I could have ended Purnendu’s story here, but then the reader would question me what the point of it all was. So, I need to add a last act to this enigma. I lost track of Purnendu once again and travelled to different parts of India as well as the world. And then, of all places, I ran into Purnendu one last time in Hong Kong during the first decade of this century. No, I did not see him physically anymore, but being a cyber enthusiast, I often form friendships with people I never get to see in flesh and blood. I came across one such in a site I visit no more and it turned out that this person was Purnendu’s neighbour in youth. The street is a walking distance from where I live today. And my curiosity knew no bounds. I kept pestering the person about Purnendu’s whereabouts at that time, but the person was now married and lived elsewhere. He had a mother though who still lived there and she might know.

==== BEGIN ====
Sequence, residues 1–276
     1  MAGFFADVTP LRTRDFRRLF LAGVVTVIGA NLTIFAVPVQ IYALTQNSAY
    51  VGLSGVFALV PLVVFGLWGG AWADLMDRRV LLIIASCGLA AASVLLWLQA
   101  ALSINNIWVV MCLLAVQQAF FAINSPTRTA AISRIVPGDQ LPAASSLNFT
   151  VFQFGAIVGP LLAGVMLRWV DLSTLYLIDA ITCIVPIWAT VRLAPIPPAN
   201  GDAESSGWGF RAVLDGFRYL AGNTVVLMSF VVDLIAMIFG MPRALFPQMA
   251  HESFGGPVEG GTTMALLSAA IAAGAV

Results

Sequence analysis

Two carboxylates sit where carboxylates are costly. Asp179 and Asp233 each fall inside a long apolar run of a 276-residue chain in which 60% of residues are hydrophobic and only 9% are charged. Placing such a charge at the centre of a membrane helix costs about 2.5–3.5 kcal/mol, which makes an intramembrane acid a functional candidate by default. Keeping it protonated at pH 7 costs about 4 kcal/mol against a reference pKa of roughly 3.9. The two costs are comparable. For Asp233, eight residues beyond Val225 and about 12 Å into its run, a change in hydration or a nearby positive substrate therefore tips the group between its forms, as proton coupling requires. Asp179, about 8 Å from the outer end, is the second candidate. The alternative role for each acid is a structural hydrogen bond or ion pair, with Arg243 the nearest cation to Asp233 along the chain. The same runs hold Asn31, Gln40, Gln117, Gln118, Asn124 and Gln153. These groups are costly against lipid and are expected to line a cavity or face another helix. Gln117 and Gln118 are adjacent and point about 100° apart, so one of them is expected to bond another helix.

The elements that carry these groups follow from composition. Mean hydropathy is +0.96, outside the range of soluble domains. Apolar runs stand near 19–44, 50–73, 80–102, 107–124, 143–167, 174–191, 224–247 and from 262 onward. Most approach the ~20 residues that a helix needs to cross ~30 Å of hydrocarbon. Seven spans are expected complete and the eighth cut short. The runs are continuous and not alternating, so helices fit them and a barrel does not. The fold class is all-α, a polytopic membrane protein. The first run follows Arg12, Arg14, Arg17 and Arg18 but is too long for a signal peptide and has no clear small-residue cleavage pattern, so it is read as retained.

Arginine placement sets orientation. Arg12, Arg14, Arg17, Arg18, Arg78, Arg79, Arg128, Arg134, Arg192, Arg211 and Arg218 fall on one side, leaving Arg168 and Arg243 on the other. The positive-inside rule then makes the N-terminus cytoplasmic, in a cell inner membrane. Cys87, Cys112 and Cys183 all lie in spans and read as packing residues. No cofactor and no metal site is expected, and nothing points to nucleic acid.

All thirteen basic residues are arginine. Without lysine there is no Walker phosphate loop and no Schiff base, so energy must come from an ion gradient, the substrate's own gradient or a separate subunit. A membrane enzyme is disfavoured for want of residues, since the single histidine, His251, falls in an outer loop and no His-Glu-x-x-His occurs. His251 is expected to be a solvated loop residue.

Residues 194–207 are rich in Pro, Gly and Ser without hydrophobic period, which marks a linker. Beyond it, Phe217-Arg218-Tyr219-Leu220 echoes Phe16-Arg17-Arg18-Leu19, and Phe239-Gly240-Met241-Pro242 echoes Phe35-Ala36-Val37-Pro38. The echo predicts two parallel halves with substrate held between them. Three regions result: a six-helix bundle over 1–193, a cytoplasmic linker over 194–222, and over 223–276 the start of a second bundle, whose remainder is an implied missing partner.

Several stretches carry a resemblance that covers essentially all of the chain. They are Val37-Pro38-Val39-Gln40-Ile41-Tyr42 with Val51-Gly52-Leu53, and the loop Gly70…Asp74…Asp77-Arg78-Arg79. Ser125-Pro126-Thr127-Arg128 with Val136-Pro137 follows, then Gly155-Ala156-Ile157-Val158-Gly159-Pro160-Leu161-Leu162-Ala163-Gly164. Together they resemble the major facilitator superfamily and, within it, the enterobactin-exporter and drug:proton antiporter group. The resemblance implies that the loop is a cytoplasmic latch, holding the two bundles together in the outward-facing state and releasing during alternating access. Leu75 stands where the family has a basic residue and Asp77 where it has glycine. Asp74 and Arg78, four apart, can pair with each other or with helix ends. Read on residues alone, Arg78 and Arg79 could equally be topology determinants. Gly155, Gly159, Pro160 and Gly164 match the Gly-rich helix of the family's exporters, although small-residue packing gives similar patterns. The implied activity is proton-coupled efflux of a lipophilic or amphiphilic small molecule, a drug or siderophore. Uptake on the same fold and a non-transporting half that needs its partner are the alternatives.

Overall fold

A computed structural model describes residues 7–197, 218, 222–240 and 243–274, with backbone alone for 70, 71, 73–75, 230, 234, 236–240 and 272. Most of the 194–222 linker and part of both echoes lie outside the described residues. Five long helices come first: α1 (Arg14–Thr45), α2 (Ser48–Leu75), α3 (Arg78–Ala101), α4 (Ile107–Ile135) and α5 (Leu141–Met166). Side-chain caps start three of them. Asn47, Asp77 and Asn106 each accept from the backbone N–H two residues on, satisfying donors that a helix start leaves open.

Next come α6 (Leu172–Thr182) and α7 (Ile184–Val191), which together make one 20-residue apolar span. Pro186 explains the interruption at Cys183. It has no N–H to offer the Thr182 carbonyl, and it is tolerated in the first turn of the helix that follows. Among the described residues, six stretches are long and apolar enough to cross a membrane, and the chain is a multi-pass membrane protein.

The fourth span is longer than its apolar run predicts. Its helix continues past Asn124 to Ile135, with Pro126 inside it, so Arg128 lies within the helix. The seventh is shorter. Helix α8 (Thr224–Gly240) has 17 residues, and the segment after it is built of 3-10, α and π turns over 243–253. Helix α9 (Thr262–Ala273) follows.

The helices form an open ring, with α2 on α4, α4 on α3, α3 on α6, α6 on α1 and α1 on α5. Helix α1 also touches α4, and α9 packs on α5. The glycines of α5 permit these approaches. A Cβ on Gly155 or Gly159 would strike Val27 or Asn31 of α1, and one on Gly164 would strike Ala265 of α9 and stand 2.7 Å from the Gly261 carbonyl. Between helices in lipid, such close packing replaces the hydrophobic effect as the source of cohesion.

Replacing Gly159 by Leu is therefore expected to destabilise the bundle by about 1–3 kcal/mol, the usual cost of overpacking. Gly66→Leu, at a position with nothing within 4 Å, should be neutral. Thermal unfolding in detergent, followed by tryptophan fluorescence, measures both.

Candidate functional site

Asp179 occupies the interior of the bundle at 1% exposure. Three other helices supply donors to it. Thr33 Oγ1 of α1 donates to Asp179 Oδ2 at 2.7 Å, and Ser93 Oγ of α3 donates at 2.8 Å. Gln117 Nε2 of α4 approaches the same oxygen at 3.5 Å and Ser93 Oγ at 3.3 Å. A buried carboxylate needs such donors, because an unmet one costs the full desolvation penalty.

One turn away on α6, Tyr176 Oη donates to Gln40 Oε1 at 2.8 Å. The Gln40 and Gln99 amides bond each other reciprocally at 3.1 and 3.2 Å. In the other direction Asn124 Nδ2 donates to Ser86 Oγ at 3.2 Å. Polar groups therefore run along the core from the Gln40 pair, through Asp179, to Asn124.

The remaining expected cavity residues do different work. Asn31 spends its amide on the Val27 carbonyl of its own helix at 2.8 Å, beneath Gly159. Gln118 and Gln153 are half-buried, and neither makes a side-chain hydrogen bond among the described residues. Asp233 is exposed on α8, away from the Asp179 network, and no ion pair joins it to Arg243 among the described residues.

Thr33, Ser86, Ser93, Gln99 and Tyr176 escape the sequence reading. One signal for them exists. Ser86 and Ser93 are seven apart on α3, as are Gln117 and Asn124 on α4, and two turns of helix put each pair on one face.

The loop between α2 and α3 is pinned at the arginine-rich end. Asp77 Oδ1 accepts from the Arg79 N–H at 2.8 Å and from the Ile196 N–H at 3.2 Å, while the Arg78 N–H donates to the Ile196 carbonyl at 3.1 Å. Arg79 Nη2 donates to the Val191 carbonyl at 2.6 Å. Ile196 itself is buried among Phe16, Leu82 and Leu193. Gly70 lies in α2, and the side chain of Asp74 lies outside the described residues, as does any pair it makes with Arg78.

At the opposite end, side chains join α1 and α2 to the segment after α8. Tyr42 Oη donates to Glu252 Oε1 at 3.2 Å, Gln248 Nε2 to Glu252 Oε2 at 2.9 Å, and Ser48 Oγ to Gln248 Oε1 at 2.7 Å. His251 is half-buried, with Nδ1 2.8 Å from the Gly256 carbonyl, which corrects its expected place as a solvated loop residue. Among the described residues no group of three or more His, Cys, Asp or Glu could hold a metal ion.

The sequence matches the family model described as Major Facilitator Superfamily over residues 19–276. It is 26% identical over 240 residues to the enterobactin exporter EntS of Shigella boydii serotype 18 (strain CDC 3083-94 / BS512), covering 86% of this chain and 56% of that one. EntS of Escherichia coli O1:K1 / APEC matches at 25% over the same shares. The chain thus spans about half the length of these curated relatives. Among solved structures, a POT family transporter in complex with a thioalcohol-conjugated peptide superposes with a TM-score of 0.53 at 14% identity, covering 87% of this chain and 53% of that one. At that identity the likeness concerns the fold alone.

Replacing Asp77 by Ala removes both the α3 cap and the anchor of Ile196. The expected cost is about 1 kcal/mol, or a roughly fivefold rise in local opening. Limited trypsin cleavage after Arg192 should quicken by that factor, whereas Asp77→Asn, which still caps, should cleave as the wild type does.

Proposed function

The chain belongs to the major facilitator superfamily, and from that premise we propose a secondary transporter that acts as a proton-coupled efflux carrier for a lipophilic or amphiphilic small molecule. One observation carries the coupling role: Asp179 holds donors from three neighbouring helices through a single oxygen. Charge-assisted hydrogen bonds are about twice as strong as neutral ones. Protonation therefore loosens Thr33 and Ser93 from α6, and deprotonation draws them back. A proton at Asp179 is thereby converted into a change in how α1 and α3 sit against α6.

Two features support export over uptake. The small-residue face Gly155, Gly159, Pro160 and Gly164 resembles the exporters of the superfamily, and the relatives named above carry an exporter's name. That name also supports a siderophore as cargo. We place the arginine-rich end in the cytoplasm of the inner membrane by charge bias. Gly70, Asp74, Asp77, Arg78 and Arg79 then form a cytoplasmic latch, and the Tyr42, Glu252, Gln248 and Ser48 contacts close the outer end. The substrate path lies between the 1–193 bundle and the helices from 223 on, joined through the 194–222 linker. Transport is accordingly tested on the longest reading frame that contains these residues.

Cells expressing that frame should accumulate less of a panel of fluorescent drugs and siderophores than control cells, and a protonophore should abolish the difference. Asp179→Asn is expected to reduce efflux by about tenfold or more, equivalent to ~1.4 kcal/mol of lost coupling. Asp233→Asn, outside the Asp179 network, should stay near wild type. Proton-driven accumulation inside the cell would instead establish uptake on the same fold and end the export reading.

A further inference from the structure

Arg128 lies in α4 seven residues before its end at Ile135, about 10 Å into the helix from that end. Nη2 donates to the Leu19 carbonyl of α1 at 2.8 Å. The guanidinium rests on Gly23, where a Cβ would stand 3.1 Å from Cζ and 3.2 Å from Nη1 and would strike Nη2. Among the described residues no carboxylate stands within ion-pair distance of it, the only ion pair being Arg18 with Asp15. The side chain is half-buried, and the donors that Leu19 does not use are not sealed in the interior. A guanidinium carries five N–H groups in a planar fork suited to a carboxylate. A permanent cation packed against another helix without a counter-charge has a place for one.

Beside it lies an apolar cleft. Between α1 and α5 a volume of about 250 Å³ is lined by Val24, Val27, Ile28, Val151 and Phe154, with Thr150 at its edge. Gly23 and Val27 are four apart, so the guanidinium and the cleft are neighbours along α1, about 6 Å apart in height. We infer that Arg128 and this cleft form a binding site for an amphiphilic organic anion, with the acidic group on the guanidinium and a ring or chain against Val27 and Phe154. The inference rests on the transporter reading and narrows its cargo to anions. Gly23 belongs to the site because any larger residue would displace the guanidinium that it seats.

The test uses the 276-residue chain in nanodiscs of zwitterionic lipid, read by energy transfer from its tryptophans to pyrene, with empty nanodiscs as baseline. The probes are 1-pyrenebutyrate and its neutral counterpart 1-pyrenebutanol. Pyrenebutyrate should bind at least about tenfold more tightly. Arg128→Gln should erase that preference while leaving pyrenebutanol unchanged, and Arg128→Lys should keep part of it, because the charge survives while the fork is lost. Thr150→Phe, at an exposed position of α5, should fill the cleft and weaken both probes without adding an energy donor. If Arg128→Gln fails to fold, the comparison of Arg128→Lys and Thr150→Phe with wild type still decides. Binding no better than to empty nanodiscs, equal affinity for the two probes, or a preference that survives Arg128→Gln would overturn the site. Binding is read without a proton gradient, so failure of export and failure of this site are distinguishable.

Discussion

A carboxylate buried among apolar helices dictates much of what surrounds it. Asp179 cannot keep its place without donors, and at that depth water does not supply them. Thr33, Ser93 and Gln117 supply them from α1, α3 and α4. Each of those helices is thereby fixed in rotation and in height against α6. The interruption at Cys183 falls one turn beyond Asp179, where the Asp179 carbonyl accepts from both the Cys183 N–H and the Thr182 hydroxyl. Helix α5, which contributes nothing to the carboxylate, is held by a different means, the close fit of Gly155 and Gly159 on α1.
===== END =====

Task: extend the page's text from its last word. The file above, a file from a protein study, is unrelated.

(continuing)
Following interactions with the mother, I was informed a few days later that Purnendu was no more. This person was not too sure that it was Purnendu that we were discussing, but everything we discussed pointed in his direction. There was nothing unusual about this message of course. But what did make Purnendu’s story somewhat poignant was the information that he had been a mental patient for a long time. And he was not the only one in the family with the affliction. He had failed to acquire a gainful training in any walk of life or to find employment during his manhood. But his family, which was rich, thought normalcy could be restored by getting him married! And they did find an unfortunate enough girl to tie the knot with him. What’s more, the marriage brought a child into existence as well.
As I learnt these details, I recalled the pain in his face the last time he spoke to me and I told him that I was married with a child. I do not know how Purnendu died, but his wife, I think I was told, is well-educated and, what’s more, is reasonably well-employed.
I am not sure what makes me want to find out the whole story, or at least reconstruct a story based on these stray incidents. The pretentious scholar, the pornography specialist and a man desperate about a wife (or most probably physical intimacy with a woman), he remains a riddle to me. The only thing I am sure about now is that he did not lack virility. There is a child he had fathered.Whether this child is normal or not, I have no information on.